Friday, 27 September 2013

Reviews The Men Who Sold The World by Guy Adams



The Men Who Sold the World
By Guy Adams


Prequel to Miracle Day
Published by BBC Books
ISBN 978-849-90285-4
Reviewed by D J Forrest


A CIA Special Activities Division squad goes rogue with a cargo marked ‘Torchwood’ that they’ve been escorting from somewhere called Cardiff.  A very special shipment the UK’s new coalition government was suspiciously keen to offload at almost any price.
The Agency puts Rex Matheson on the case.  But someone is obstructing him at every turn – each time he seems to be catching up with the rogue unit, something puts him off the trail.

From start to finish, The Men Who Sold the World had me gripped, I was turning pages like I was searching for the clues to the Holy Grail.  Every page I was hungry to read more, and at one point I was curious as to why I hadn’t seen or heard mention of Jack Harkness or Gwen Cooper, but interested to know why Rex was in a Torchwood novel when ideally we didn’t see him until Miracle Day. 

I had read that some people were disappointed with this novel, because often the element of a Torchwood novel is to actually have some mention of the team.  But there is a mention, a brief portion here and there, and it involves an artefact, a gun but not just any gun.  It’s alien in origin and it has a way of controlling the user.  I wondered if it had anything to do with the gun used in Consequences, infact I did think that at one point, but for the further description, that changed my mind.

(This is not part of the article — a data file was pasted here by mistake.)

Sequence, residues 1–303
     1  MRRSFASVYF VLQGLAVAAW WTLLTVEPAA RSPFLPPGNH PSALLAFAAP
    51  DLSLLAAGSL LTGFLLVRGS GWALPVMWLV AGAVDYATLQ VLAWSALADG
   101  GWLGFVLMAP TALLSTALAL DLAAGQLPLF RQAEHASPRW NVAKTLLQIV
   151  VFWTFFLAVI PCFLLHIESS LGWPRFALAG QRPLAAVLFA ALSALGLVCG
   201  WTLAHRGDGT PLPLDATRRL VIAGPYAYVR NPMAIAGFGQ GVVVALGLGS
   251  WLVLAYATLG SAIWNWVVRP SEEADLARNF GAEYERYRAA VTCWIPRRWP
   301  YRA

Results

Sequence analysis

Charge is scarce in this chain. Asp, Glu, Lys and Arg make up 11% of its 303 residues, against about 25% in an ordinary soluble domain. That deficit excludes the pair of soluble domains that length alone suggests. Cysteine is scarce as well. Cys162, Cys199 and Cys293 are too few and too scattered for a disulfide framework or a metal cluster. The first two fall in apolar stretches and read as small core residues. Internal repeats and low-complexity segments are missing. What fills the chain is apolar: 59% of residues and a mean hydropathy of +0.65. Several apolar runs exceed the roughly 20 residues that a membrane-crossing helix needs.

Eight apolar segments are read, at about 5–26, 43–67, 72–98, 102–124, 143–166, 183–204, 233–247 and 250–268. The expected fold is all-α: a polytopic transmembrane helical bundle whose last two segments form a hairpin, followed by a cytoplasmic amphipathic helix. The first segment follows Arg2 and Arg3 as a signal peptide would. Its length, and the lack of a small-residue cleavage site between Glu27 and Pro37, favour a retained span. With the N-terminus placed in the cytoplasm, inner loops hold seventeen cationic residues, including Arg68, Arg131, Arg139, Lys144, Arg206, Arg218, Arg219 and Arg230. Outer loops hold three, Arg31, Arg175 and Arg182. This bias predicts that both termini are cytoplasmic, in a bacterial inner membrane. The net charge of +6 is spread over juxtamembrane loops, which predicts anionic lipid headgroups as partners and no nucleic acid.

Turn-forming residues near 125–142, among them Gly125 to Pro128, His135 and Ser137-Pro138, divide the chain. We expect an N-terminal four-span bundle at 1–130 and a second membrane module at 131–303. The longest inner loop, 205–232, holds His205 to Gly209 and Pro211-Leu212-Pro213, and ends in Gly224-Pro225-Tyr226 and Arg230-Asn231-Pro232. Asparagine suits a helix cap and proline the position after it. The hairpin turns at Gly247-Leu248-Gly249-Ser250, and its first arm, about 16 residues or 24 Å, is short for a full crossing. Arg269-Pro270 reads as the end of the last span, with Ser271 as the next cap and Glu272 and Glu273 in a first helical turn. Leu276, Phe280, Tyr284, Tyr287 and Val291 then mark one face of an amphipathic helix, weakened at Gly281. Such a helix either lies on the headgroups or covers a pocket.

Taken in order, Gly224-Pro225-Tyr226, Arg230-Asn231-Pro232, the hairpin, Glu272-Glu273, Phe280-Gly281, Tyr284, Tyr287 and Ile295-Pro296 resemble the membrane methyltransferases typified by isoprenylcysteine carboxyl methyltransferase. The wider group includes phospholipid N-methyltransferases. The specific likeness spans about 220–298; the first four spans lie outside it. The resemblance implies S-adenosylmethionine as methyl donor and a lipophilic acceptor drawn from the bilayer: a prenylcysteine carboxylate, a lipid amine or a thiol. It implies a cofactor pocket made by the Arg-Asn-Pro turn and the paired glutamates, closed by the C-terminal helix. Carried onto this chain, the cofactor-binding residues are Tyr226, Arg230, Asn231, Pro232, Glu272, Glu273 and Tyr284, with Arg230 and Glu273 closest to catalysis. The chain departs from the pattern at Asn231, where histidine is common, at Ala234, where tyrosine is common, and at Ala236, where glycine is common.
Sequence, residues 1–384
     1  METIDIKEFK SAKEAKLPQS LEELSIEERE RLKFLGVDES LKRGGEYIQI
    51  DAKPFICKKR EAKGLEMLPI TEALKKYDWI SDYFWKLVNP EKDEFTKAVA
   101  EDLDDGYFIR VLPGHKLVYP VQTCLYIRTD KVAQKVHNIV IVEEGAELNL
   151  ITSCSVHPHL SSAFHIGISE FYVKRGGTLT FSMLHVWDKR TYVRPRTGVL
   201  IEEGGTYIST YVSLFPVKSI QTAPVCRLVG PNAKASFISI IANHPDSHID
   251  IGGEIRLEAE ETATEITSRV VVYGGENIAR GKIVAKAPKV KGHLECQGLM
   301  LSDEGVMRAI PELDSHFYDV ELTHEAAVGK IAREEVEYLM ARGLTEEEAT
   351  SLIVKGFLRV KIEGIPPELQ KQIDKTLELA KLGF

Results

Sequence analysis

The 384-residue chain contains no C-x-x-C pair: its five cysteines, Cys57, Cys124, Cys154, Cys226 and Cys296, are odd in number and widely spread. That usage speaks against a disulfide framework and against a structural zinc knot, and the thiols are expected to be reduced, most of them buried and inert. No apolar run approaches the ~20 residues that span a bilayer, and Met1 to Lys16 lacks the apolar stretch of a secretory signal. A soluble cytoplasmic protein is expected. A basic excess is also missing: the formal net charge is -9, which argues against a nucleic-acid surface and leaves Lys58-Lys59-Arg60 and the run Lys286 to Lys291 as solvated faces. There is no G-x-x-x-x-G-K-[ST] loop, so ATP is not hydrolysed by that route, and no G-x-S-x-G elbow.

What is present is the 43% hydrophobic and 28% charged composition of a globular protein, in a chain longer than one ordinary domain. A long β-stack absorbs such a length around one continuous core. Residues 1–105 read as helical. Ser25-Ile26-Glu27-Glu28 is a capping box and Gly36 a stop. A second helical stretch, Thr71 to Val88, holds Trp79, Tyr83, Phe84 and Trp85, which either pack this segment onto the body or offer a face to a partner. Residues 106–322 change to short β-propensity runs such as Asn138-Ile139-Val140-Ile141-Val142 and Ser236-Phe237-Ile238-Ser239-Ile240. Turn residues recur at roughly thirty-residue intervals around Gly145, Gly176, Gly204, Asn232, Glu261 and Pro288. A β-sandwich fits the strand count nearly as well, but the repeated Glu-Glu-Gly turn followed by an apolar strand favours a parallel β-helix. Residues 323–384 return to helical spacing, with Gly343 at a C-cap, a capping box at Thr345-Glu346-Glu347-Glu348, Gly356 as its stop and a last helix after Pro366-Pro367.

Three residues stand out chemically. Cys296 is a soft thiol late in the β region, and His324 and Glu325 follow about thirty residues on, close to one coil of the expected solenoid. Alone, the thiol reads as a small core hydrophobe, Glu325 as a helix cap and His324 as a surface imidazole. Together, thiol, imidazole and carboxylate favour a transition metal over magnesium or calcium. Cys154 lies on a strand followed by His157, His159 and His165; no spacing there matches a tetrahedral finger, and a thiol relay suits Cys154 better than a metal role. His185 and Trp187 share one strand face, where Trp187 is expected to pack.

We’re talking of gun running and mercenaries and Rex Matheson and an old man called Mr Wynter who seems to have a role similar to Harvey Keitel’s Victor which is how I pictured him.

This is a prequel obviously to Miracle Day and it gives a further insight into the CIA or at best the often gruff exterior of Rex Matheson, and you find you can’t help but like him.  Esther also features in her usual role as Watch Analyst and again this is before the treachery of the CIA and the Miracle.

What I liked about this book was that it read like the many American stories I’ve read involving government agencies or gun runners, and I could picture every scene, the houses, the streets, the people, the sarcastic wit of Rex, Schaeffer.  I’ve read a number of American novels over the years and this felt no different, the only thing I had to keep reminding myself of, was that this was a Torchwood novel.

But if you remember at the beginning of Miracle Day, Esther was researching about the Institute, and Esther was working with Rex, the gun that is at the centre of this story came from a crate marked ‘Torchwood’...

Now that I’ve reviewed it I want to read it again!

     


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